The Romans constructed a network of military roads. the nearest to Handsworth being Ryknield Street which left the Fosse Way at Bourton-on-the-Water to approach the Midlands through Alcester and on to the great camp at Metchley, near the present Queen Elizabeth Hospital. From this point, it continued across Birmingham to Well Head lane to ford the River Tame at Holford near the present bridge at Perry Barr.
It then followed the line of Kingstanding Road and through Sutton Park to the Roman Camp at Wall on the Chester Road (Watling Street). The portion of the original road through Sutton Park is still preserved.
Most of the few original roads in Handsworth ran mainly north and south. Near the West Bromwich boundary. Halford Lane, from Smethwick. continues as Sandwell Lane (now Park Lane) borderIng the Sandwell Priory lands, later the estate of the Earls of Dartmouth. This lane led to Newton Lane, the highway from Wednesbury through West Bromwich. Great Barr, to Sutton Coldfield and the north. Crocketts Road led on to Sandwell Road, Queenshead Road to Rookery Road and Ninevah Road to Grove Lane, each joining Oxhill Road leading over the Uplands to Sandwell Lane.
The only through route from east to west, other than the track across Handsworth Heath from Birmingham to Wednesbury was via Aston Lane, Wood Lane, Church Lane and so to Oxhill Road.
The oldest remaining trackway or ancient bridle path, is the Crick, which led from Winson Green along the present Factory Road, Rose Hill Road, Holly Road to Hamstead Road. A branch leading to Laurel Road (previously Jaw Bone Lane) crosses Oxhill Road to Slack Lane, to join that portion of Grove Lane known as College Road, to join Friary Road leading to Brown’s Green.
During the sixteenth century, iron manufacturing developed along the Tame Valley. The lands of Sandwell Priory came into the hands of the Whorwood family in 1609, and they were probably responsible for converting the neighbouring cornmill within the bounds of West Bromwich into a forge. They were also engaged in Iron working at Perry Barr and at Wednesbury. Iron and coal would probably be conveyed from Wednesbury past the old West Bromwich Manor House (restored c1960), All Saint’s Church, along Newton Road, Hamstead Road across the spur of Tower Hill to Perry Barr.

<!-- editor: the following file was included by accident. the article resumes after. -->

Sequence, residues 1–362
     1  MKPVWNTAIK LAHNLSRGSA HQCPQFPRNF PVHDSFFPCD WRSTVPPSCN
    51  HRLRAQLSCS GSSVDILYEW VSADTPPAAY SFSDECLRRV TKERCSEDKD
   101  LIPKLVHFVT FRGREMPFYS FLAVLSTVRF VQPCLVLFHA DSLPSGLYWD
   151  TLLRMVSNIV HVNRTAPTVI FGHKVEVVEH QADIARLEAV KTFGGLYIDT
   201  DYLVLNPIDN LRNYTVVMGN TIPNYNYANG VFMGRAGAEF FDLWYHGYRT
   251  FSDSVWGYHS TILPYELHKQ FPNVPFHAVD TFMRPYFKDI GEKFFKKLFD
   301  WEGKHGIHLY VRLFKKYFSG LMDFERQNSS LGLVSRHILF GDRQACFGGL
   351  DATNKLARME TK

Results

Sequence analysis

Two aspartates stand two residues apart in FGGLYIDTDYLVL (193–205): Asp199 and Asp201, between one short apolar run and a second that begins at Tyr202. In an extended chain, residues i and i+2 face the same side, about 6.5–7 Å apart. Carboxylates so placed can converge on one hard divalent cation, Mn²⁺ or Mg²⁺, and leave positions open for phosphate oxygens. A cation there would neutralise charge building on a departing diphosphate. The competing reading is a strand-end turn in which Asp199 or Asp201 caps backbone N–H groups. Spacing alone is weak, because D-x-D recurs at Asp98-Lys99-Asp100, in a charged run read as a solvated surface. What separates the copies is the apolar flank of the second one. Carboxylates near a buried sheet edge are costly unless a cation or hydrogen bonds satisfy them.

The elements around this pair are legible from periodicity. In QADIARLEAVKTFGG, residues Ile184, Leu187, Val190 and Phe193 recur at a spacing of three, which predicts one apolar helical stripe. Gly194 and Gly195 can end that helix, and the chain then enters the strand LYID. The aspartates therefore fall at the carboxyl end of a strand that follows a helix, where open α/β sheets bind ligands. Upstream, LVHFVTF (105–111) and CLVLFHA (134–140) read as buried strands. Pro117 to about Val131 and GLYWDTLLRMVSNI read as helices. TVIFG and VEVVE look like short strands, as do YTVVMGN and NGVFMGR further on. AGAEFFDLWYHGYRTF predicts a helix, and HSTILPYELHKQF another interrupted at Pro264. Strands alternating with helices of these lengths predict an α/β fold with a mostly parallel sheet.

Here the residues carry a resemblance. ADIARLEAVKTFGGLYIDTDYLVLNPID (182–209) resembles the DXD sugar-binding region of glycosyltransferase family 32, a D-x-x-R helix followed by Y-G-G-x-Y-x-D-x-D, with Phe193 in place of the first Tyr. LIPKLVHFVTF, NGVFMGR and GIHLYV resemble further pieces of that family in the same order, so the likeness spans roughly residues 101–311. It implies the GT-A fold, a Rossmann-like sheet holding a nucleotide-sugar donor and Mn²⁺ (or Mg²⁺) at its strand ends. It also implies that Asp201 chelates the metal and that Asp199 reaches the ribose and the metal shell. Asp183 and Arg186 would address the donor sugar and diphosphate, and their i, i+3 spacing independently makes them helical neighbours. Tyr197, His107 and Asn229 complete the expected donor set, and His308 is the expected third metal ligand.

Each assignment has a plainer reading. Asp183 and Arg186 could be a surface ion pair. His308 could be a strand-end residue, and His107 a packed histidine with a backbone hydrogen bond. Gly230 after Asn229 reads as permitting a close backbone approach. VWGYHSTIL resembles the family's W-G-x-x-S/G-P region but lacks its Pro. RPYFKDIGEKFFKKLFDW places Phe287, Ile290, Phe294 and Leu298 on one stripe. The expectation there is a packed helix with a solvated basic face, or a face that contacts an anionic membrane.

In 1809, an act was passed to renovate the road from Hockley Brook to the Walsall Turnpike Road on the northern side of Hamstead Bridge. This road ran from Hockley Brook along Hunter’s Road, pact the Church of St. Mary and up Church Hill to Brown’s Green. from here it ran across the Park near Hamstead Hall to the old bridge over the River Tame. The present bridge was built further down the river in 1831. Here the road divided. one part to join Newton Road, the other, past Spout House Lane to Walsall Road. Spout House Lane so called from the spout or well from which water was conveyed in a wooden spout or covered trough to a group of cottages in one of which the famous preacher Francis Asbury was born. The cottages are now demolished.
With the rise of Birmingham as an important industrial town it was essential that easy contact be made with the coal pits of Staffordshire. The present main road through Handsworth and West Bromwich was for many centuries nothing more than a little frequented bridle path across the lonely Handsworth and West Bromwich Heaths to Sandwall Priory and on to Wednesbury.